Hacked? what now?

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Topic/Postby Tormeron » 06 Mar 2016, 12:37

Hacked? what now?

Friends and guests I present to you the guide of what you should do if an account of yours was hacked.

First of all once you have discovered you were hacked, RELAX! I cannot stress that enough that you should relax, it happens to the best that an account gets hacked, now that you are relaxed browse on to the steps you should do now that you were hacked.

1. Before you access any more information and check for stuff, run a malware and antivirus scan using up to date software (Malwarebytes anti malware is a great product to clean any malware or PUPs). Don't do the rest of the steps on a malware or virus infected machine.

2. Go to your email account, check your security settings on your account and check whether your alternate email or backup email there hasn't been altered to an email of the hacker.
If it was, change it back to yours.

3. If the account that got hacked has the same password as your email, change your email password and don't use approximately the same password (for example your password was smartpass123, don't go using smartpass456 since it's easy to guess)

4. Consider adding the 2 step verification to your email account to avoid your email being hacked in the future.

5. Check your login history on the security panel in your email, and check whether there are any illogical logins to your accounts.

6. Change passwords on all accounts which share this accounts password (even though you shouldn't have the same password on more than 1 account)

7. Removed due to it being unneeded in case of users who need this guide.

8. if your email has been hacked then send out an email to all your contact list (preferably using bcc) explaining that you got hacked and that if they got an email from you that sounds suspicious, to verify with you whether it was you who sent it to them.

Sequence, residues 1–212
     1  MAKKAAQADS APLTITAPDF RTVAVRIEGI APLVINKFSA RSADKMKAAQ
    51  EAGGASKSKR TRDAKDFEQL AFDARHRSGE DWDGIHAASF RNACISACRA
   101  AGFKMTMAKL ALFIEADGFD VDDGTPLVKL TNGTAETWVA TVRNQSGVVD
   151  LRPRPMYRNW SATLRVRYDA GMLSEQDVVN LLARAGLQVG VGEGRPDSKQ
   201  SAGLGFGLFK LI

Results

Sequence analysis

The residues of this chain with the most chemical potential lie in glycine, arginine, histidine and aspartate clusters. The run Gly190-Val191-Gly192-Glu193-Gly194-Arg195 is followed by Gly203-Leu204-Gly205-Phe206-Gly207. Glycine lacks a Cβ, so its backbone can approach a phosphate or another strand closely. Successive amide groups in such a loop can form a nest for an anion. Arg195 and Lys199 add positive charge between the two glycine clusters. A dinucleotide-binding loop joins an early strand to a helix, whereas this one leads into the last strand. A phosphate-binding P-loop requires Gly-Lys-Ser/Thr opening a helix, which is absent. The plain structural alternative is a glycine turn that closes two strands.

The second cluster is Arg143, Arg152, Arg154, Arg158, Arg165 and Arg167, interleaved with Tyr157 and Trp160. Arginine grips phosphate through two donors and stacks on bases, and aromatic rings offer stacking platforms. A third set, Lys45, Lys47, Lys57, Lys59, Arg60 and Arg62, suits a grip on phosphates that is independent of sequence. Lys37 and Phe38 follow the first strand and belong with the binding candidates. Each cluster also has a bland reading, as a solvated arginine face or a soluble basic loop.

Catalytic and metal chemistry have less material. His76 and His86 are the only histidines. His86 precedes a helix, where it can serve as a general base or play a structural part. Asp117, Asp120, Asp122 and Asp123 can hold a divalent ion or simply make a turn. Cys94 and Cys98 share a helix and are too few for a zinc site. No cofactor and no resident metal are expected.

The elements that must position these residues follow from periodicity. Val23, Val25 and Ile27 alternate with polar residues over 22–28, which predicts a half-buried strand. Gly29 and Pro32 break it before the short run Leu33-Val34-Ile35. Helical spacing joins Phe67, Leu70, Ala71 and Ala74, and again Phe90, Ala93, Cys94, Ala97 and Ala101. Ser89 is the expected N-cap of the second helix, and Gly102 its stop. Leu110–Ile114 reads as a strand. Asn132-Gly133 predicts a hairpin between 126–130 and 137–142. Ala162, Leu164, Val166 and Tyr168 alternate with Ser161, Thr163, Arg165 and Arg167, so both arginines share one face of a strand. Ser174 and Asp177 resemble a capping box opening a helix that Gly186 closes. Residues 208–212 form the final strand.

9. Access your bank account and double check you didn't do any payments that you haven't authorized, and check it more in the following month

Lastly, go get yourself a cup of coffee or tea and rest knowing you have done all you need to do to secure your accounts.
Last edited by Tormeron on 06 Mar 2016, 19:09, edited 1 time in total.
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Topic/Postby Traest » 06 Mar 2016, 12:40

I go by the old adage: Treat your passwords like your toothbrush. Change it every six months, and don't share it with anyone.
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Topic/Postby Gergel » 06 Mar 2016, 15:09

While most of Tormeron's points are quite valid, I'm totally confused about point 7. Was this maybe accidentally copypasted from a different guide or something? The rest of your the guide talks about what to do if your account has been compromised because of malware or social engineering, but point 7 talks about a "company that got hacked". If someone manages to keylog, sniff or guess your GMail password, it's highly unlikely that Google was actually compromised.
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Topic/Postby Tormeron » 06 Mar 2016, 15:33

Nope, it's correct, for example if your EA account got hacked, contact EA notying they had a hack done to their system, sometimes it helps them to find holes in their security.
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Topic/Postby Gergel » 06 Mar 2016, 15:48

An interesting example, considering the recent rant thread, but nope. Sorry. Telling a company that "they were hacked" even though it is far more likely that it was your own computer which was infested with n+1 pieces of malware, you're just wasting their time, and yours.

Unless you have evidence of actual security holes, of course. But the kind of people that find security holes in other companies' systems and are polite enough to notify the companies in question have no need for this particular kind of a guide.

At best you'll get back a copypaste email from their customer support, advising you to check and clean your computer.
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Topic/Postby Tormeron » 06 Mar 2016, 19:05

You are right Gergel in most cases I agree, but this guide should apply also if you have been hacked with a small account at some wordpress blogging server, or a google account.
99% of the time it's social engineering or malware that are causing the issues, but I added that step in case it is a small wordpress site or small email server, or any case that isn't specific to big companies which do have their own people to double check their security.

I'll change the guide soon to make it more accurate.
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